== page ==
Bonds

Atlanta keeps economic uncertainty in mind in structuring housing bond

Despite a cloudy national economic forecast, officials in Atlanta expect a warm welcome from the municipal marketplace for their planned housing bond sale.

Pending a vote in the largely supportive Atlanta City Council, the city will come to market in early to mid-summer with $100 million of bonds by negotiated sale, one of several expected issuances under a push by Mayor Andre Dickens to address the growing gulf between average incomes and rising housing costs in the city.

Appealing to investors in the current marketplace means mitigating risks presented by inflation, high interest, and general economic malaise, said Mohamed Balla, Atlanta’s chief financial officer.

The issuance will be structured with a drawdown facility allowing the city to tap funds on an as-needed basis while avoiding locking in traditional borrowing commitments and interest rates; that will help cut carrying costs and reduce overall exposure for the city while providing investors with security through built-in flexibility, Balla said, something that could prove useful in a dicey global economy where labor and material costs are on the rise and forcing some municipalities to reevaluate major projects.

The mitigation of those potential risks provides the bonds with an extra layer of security, which is appealing in the current marketplace, Balla added. .

“We only pay interest when we utilize the facility and draw down on it as construction is happening,” he said. “Issuance costs are also limited by this structure, so it’s flexible and if things do change we can adapt.”

A financial team was still being formed in coordination with the city’s economic development arm, Invest Atlanta, and the bonds will place with “one of the larger financial institutions,” Balla said, in a tax-exempt issuance by Atlanta’s Urban Residential Finance Authority along the lines of past drawdown deals.

Bond financing features promptly into the mix of funding behind the authority’s housing program, making up and over half of the capital stack behind several large initiatives providing low interest loans to developers for the acquisition, construction, or renovation of affordable housing in the city, according to information available on the authority’s website.

Balla believes most, if not all, of the funds available in the proposed issuance will be tapped by the city as it faces a “significant” housing crisis and the Dickens administration is focused on “tackling it from many fronts.”

“We do have a thesis that this is beneficial for the city of Atlanta,” Balla said. “It stimulates economic growth by investing in affordable housing, so the workforce can be in close proximity to jobs we want to bring into the city.”

The new bond sale is one of several expected future issuances under the mayor’s new initiative and will be matched by a philanthropic donation of $100 million from the Robert W. Woodruff Foundation and Joseph B. Whitehead Foundation to further leverage the proposed public funding under a deal brokered by Dickens and announced May 2.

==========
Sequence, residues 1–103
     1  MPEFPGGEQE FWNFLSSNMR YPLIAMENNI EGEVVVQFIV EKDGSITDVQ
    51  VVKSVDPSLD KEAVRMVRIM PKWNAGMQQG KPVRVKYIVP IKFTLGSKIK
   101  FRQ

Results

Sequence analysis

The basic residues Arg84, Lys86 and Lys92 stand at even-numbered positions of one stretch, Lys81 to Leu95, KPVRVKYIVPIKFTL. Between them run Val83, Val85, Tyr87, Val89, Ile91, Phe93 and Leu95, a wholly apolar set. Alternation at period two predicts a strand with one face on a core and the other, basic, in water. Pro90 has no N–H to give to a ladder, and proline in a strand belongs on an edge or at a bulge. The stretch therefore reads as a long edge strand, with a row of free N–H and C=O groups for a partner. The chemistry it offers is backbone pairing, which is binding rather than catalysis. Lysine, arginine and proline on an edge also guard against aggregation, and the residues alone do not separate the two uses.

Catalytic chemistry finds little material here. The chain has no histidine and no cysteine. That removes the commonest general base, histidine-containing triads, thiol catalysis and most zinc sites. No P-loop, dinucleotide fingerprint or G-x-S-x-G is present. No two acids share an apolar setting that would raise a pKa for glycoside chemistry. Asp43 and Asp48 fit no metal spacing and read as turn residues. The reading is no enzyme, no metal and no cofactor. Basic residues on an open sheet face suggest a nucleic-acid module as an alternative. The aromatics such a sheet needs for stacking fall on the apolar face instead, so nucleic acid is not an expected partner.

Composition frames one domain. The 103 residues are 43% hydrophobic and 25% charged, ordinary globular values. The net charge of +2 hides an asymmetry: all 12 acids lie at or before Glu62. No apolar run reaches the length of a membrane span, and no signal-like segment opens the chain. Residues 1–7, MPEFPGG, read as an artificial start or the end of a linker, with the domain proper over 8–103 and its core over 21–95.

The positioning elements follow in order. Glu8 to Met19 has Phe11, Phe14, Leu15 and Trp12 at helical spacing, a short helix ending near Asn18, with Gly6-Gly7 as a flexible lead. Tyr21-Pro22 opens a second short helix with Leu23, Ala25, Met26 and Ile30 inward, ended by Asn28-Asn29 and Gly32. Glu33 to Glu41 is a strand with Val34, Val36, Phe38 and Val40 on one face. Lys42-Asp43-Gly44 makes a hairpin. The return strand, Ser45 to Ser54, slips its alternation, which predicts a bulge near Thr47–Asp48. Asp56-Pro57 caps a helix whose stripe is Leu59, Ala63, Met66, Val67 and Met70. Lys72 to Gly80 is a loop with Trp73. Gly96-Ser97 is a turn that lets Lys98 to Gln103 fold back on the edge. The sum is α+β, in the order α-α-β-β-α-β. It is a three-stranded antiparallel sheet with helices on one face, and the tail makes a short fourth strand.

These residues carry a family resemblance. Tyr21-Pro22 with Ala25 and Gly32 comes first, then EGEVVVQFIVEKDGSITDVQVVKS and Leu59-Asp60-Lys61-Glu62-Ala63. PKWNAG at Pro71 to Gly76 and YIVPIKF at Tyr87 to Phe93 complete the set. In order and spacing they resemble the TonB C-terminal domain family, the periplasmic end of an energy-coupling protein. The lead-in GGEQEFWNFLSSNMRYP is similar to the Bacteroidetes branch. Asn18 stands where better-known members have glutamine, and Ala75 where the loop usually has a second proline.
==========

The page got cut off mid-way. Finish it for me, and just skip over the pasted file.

Dickens promised then to “aggressively pursue multiple vehicles for funding” to address a mounting housing crisis putting rents, housing prices and mortgage rates out of reach for a growing percentage of the city’s population.

The Federal Reserve Bank of Atlanta’s Home Ownership Affordability Monitor records a steep decline in affordable housing options over the last few years, with average annual mortgage and interest payment rates increasing from 28% to 40% of median salary levels between 2021 and 2022 alone.

Dickens began championing the issue after his election in 2021, forming Atlanta’s first official task force dedicated to coordinating public and private efforts on the issue just months after taking office.

In his most recent spending plan, he allocated $8 million for the effort while proposing an increase in contributions to a dedicated trust fund for housing development from 1% to 2% of the city’s budget annually.

He floated the idea of the $100 million bond sale in early May as a means to have “immediately available public funding that allows us to act nimbly and urgently on our holistic vision for leveraging public land for affordable housing.”

Atlanta’s 16-member city council is currently reviewing the city’s proposal and a vote is scheduled for the week of June 5.

“There’s strong support in the City Council for affordable housing,” Balla said. “It’s something that a lot of the council members gave heard from their constituency that a critical need for the city right now, so we do anticipate strong support.”

Moody’s Investors Service rates Atlanta’s GO bonds Aa1 with stable outlook and Fitch Ratings rates them AA-plus with stable outlook.

The city sold more than $400 million of GO bonds in November, including a $369 million social bond component. City officials said they received $1.2 billion of priority orders for the social bonds, Atlanta’s first such deal.

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